Complexity: The Avalon API has a very large surface area. To get an idea, the Button class is number 11 on the inheritance chain with ButtonBase, ContentControl, Control, FrameworkElement, UIElement, RetainedVisual, Visual, DependencyObject, UIContextObject and Object as its base class.
My prediction is that Avalon v1 will be a throw-away: it is not really the foundation on which you will build applications: V2 will likely not be backwards compatible, they will have to re-architect bits of it: which means that people will end up with two frameworks running side-by-side: Avalon V1 and Avalon V2.
I do not think I could have solved a problem of this magnitude, am sure the complexity is huge and the Microsoft folks are doing their best, but maybe a change in the way that features are interlocked and how those are delivered to users must be rethought.
Shoehorn := Longhorn - WinFS
The intention is good. The choice of delivery vehicle (i.e. a "file system") is not so good. Once again, the problem seems to call for a simplification of dynamic, semi-structured, shared databases rather than a shoehorning of these concepts into a future Longhorn file system.
The advantages of the database approach has engineering merit as well as marketing.
Perhaps there was marketing merit in moving O/R mapping and business domain frameworks into WinFS. I didn't see it, and I certainly don't see the engineering merit.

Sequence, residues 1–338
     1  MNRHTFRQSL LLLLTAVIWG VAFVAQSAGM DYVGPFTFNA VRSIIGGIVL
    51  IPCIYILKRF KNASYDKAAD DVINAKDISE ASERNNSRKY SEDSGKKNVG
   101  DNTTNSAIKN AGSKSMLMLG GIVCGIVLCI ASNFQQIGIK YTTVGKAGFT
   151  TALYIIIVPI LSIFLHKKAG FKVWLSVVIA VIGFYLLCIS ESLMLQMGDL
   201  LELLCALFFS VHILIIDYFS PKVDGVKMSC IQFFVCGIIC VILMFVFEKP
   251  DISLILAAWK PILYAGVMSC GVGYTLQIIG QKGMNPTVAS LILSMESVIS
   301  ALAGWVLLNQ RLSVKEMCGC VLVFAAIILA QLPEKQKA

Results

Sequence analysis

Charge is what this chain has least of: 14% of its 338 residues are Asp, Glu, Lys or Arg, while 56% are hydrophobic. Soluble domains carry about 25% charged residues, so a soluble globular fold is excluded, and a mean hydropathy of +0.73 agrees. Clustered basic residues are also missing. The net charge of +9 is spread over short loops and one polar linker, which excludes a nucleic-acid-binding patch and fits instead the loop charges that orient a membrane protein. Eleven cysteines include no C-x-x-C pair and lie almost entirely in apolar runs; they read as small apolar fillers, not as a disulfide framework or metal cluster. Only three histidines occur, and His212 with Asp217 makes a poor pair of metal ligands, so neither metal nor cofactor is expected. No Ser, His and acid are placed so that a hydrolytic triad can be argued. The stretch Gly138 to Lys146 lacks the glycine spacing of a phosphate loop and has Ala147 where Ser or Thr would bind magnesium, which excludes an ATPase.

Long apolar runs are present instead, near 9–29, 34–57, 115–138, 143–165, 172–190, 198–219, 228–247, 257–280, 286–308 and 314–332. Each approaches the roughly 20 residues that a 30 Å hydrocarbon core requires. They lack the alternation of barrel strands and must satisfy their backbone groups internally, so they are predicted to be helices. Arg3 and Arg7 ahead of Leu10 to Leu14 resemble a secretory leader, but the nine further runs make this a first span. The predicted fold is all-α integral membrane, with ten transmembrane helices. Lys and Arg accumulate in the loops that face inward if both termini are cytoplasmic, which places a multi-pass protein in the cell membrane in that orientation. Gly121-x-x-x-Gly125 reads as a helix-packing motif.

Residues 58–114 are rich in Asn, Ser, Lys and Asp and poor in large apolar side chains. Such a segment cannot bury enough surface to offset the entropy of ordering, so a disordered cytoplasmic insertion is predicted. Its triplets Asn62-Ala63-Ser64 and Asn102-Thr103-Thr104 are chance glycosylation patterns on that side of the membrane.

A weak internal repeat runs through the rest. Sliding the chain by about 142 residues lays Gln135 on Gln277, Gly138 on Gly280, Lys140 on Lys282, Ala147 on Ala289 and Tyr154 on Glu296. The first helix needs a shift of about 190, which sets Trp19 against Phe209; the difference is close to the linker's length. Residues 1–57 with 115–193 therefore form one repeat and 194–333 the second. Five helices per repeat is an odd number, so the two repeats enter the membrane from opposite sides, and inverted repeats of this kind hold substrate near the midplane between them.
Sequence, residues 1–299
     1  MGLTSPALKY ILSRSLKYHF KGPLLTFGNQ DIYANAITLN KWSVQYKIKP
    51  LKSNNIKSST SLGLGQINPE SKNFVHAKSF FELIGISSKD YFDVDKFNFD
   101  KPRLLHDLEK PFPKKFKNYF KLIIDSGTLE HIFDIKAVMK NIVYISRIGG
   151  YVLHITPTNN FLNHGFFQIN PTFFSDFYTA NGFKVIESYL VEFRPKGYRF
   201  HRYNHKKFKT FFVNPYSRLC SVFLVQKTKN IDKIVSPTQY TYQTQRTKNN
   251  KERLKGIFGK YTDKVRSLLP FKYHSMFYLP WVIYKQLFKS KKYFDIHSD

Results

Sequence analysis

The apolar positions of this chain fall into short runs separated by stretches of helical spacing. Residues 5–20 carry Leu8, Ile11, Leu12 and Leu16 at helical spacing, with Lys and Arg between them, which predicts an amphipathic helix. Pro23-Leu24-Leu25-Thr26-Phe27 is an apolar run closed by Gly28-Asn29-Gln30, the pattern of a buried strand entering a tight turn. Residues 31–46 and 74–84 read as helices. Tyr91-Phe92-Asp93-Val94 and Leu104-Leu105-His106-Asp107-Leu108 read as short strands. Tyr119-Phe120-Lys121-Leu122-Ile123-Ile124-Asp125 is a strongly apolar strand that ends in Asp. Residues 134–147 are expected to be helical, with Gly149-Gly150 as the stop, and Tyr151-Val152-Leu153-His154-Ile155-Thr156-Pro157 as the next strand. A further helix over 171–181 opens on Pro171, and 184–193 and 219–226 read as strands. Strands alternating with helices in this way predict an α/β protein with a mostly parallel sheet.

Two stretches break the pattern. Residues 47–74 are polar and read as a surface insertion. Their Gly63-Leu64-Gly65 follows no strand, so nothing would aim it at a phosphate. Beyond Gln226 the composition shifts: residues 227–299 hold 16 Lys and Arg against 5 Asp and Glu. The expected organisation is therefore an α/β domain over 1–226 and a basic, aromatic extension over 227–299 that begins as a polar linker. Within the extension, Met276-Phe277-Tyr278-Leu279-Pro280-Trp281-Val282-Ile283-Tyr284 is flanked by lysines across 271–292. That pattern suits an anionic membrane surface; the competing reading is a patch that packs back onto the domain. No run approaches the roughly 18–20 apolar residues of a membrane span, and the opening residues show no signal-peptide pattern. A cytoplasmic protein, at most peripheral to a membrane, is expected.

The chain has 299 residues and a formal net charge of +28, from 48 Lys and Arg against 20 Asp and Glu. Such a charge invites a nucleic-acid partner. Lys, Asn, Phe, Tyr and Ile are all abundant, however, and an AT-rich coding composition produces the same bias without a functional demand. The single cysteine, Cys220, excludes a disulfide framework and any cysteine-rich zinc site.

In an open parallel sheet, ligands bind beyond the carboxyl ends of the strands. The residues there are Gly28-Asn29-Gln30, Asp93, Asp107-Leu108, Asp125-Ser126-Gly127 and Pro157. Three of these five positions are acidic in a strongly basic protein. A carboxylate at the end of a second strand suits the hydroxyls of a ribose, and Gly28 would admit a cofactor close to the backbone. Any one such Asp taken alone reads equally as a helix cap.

Will we see ObjectSpaces and MBF pulled back out into cross-MS-platform capabilities? Avalon has joined Indigo in this regard. Why not the rest?
MSFT should make WinFS a across-MS-platform-or-wider improvement on *databases* rather than file systems, and all the Longhorn components make engineering sense, probably marketing sense.
And MSFT should make this an opportunity (along with IronPython) to continue down the path of a post-modern approach to systems development.
I taught Extreme Programming for the first time in about four years. A couple weeks ago, the class was made up mostly of an intact team, about 15 people in all. The interaction was lively.
Last week there were 32 people mainly from three teams. That's the largest single class I've had. For one reason or another (many of them were embedded systems developers, for example) the first day the whole class participation had some skepticism and generally was just quiet. (The small group break-out discussions were lively.)
I went home concerned that first day. Fortunately the remaining days were primarily full of activities. The whole class discussions were more typically lively in spite of the class size.
And now here's the point of this post. I found an interesting on-line tool, Electronic XPlorations, which turned out to be a great device on the last day of the second class. I wanted the class to talk to each other in review. This tool is a simple Java applet for four teams playing "problem" cards and applying "solution cards" and "value cards" to collect points. (I hoped, intended, and realized the goal of making the awarding of points fun rather than competitive.)
The great aspect of the game is that for a team to win points, they must explain the play they're making to the other teams. The others may challenge the explanation, and eventually accept or deny it.